“My deprived childhood made me want to give something back to society”
SEK 6,000. That was the amount of the loan new KTH graduate Charlie Hansson took out in 2005, and which would change his life. With those six thousand kronor, he founded Chas Visual Management with a dream of changing the IT industry.
Now, 14 years later, his company, Chas Visual Management has been involved in success stories such as Angry Birds, Spotify and the Battlefield series, and has a turnover of over SEK 150 million.
However, money and capital were never the biggest driving force for Hansson, instead he was determined to build enterprises that incorporate social responsibility into their core values.
“Originally, it was about me wanting to continue with the gift I myself had been given in the form of the opportunity to study and shape my life despite my parents’ difficulties and my deprived childhood,” he says.
“Thanks to every child in Sweden having the same right to education up to and including tertiary and university level irrespective of their parents’ status and financial circumstances, I was able to read civil engineering and then start a company.
“I knew from the start that as an entrepreneur I wanted to be involved in further developing the type of society that had given me the chance to become whatever I wanted to be.”
Hansson grew up with a mother who was long-term unemployed and a father who was homeless. He says himself that he comes from a background that meant he had nothing to lose by daring to try to achieve something better.
“My refusal to accept obstacles or listen to all those that say it’s all impossible also came out of that. My deprived childhood made it self-evident to me as an entrepreneur, that I should want to give something back to society.
“I want to contribute to Sweden continuing to be a country that gives children of long-term unemployed mothers and homeless fathers the opportunities and platform to be able to become successful and financially independent.”
In naming Hansson the RSM Entrepreneur of the Year for 2018, the jury citation reads “the winner's refusal to countenance obstacles and his ability to think big have inspired his team to create a fast growing and innovative business”.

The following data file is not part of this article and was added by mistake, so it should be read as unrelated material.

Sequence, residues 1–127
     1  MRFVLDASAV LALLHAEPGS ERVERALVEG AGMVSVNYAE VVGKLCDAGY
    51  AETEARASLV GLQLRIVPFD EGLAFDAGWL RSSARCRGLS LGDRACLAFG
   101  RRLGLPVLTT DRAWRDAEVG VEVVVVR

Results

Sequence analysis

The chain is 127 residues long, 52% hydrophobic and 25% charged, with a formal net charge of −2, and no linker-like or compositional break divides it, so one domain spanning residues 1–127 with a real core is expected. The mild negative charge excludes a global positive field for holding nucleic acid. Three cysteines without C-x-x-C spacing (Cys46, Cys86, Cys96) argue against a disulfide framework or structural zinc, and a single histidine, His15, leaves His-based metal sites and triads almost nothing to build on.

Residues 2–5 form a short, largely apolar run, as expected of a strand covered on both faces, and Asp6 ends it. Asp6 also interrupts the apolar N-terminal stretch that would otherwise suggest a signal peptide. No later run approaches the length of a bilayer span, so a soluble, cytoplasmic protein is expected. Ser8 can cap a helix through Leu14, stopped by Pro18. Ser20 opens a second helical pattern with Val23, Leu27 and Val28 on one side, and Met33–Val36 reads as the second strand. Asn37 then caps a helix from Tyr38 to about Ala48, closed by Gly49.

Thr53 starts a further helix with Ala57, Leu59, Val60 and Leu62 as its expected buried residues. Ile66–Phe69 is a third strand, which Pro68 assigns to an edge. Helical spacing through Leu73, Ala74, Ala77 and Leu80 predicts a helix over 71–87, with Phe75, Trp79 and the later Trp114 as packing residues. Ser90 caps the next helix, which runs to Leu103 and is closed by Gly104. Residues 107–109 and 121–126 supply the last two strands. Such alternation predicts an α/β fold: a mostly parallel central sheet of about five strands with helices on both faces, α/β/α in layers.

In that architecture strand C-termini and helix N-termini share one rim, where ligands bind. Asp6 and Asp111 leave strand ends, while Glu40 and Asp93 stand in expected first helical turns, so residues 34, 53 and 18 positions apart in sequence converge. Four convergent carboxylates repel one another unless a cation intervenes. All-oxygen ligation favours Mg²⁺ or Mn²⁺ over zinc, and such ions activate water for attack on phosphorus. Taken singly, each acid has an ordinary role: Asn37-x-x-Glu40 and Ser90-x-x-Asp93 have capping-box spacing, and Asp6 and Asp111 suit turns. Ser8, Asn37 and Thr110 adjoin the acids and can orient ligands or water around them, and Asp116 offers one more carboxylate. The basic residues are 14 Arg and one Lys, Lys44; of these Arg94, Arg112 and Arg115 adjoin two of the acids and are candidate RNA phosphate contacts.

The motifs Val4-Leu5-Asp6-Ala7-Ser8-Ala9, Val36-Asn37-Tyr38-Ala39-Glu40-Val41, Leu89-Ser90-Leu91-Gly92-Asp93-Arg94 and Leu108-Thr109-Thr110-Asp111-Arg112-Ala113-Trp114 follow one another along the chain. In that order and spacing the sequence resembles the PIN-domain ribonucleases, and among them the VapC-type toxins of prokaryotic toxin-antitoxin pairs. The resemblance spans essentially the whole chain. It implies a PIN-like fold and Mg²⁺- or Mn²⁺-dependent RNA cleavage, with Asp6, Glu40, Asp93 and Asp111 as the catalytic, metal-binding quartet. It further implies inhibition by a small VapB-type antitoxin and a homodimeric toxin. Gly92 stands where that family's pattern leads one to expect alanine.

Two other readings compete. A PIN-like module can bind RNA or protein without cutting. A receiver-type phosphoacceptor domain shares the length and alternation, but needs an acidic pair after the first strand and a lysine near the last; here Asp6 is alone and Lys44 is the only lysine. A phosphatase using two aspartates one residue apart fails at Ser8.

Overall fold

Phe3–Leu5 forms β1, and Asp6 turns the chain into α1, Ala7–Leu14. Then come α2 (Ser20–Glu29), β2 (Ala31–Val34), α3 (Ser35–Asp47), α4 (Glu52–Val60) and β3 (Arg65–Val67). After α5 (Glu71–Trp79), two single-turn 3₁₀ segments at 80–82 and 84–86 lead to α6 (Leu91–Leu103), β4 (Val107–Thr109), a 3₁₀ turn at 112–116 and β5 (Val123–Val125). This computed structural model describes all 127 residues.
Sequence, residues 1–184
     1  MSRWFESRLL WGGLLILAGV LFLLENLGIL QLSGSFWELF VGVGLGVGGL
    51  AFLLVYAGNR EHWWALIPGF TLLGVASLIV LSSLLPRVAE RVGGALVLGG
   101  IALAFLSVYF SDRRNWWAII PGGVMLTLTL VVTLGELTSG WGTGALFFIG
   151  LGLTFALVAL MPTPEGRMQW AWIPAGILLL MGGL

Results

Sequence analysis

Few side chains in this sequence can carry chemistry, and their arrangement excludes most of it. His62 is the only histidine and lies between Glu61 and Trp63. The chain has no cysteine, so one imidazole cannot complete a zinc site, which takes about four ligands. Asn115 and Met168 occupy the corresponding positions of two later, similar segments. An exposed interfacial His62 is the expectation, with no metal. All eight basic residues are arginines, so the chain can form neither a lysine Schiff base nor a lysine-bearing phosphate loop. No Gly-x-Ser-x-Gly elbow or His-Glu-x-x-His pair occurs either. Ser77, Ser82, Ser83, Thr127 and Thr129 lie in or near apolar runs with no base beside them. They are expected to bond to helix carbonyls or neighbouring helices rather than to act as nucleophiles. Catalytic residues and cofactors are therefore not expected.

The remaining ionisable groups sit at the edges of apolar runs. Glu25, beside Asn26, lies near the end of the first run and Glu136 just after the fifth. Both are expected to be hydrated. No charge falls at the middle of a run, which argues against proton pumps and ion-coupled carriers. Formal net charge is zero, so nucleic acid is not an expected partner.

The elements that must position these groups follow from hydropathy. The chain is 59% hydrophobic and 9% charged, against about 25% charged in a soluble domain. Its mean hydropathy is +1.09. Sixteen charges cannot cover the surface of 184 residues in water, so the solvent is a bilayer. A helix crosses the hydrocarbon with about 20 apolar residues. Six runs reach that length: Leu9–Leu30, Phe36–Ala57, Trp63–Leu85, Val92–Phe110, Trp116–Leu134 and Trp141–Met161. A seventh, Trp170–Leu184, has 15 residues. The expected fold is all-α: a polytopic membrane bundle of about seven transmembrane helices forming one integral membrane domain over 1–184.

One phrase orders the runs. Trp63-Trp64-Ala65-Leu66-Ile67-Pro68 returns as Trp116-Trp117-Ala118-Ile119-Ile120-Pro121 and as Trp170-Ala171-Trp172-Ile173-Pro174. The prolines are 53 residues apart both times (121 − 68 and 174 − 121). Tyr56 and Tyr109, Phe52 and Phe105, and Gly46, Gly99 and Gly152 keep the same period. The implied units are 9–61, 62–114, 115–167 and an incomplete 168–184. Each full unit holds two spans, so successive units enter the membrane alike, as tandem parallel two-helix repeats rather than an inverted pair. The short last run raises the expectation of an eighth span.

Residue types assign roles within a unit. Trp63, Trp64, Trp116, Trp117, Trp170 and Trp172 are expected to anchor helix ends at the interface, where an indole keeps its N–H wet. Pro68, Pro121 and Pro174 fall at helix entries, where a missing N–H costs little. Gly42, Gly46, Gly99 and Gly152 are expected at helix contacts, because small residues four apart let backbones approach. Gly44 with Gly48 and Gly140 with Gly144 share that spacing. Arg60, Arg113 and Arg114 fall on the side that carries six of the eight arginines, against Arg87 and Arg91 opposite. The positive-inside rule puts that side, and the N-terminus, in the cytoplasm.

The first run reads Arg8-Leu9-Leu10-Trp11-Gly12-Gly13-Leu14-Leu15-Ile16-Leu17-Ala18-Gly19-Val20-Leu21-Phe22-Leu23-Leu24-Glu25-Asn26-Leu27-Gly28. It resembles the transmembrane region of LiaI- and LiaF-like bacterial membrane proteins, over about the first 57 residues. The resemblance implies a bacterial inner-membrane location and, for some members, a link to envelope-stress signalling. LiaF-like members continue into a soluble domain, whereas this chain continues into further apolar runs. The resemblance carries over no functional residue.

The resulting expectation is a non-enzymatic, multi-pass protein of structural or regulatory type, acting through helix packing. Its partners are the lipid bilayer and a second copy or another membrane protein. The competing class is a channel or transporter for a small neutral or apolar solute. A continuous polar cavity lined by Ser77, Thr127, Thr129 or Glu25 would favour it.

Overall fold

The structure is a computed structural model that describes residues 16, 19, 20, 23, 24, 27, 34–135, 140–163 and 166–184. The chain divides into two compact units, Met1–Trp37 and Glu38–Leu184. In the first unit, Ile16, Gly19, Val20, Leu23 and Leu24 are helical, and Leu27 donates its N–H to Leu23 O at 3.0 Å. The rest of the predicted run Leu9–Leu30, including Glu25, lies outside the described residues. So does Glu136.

“The world is full of people that encounter problems. But for me, a problem means there is a solution to figure out. So when the media were full of reports of skills shortages and recruitment difficulties in the IT sector, I thought about my employees and planned courses within programming and wrote applications to the Swedish National Agency for Higher Vocational Education.”
Chas has built its own eco system with its own school (Chas Academy) and offers employee benefits that extend beyond the office walls, including additional paid leave and cleaning for new parents.
The question is why is he aiming to build a Scandinavian version of a Silicon Valley company?
Hansson turns the question on its head:
“Is there actually any other way?”
“At first, everyone was impressed with the high tech and playground like workspaces we saw in Silicon Valley. Anyone can toss in a few Fatboy cushions and pool tables. But it takes more than that to build a culture and a workspace.
Programmers are creative people and for creative people, work and leisure interests can easily merge if you are passionate about your job.
“With smartphone apps, we can keep an eye on work even when we are not working,” says Hansson. “We also become more aware of and open-minded about stress and mental health concerns.”
“Which means we employers must be able to offer as much as it takes to make life easier for employees and to do what we can for their well-being, while at the same time offering opportunities to develop their skills, exciting careers, a good working environment and security.”
"That's a bit challenge for employers – especially when you have over 100 employees."
Photo: Håkan Lindgren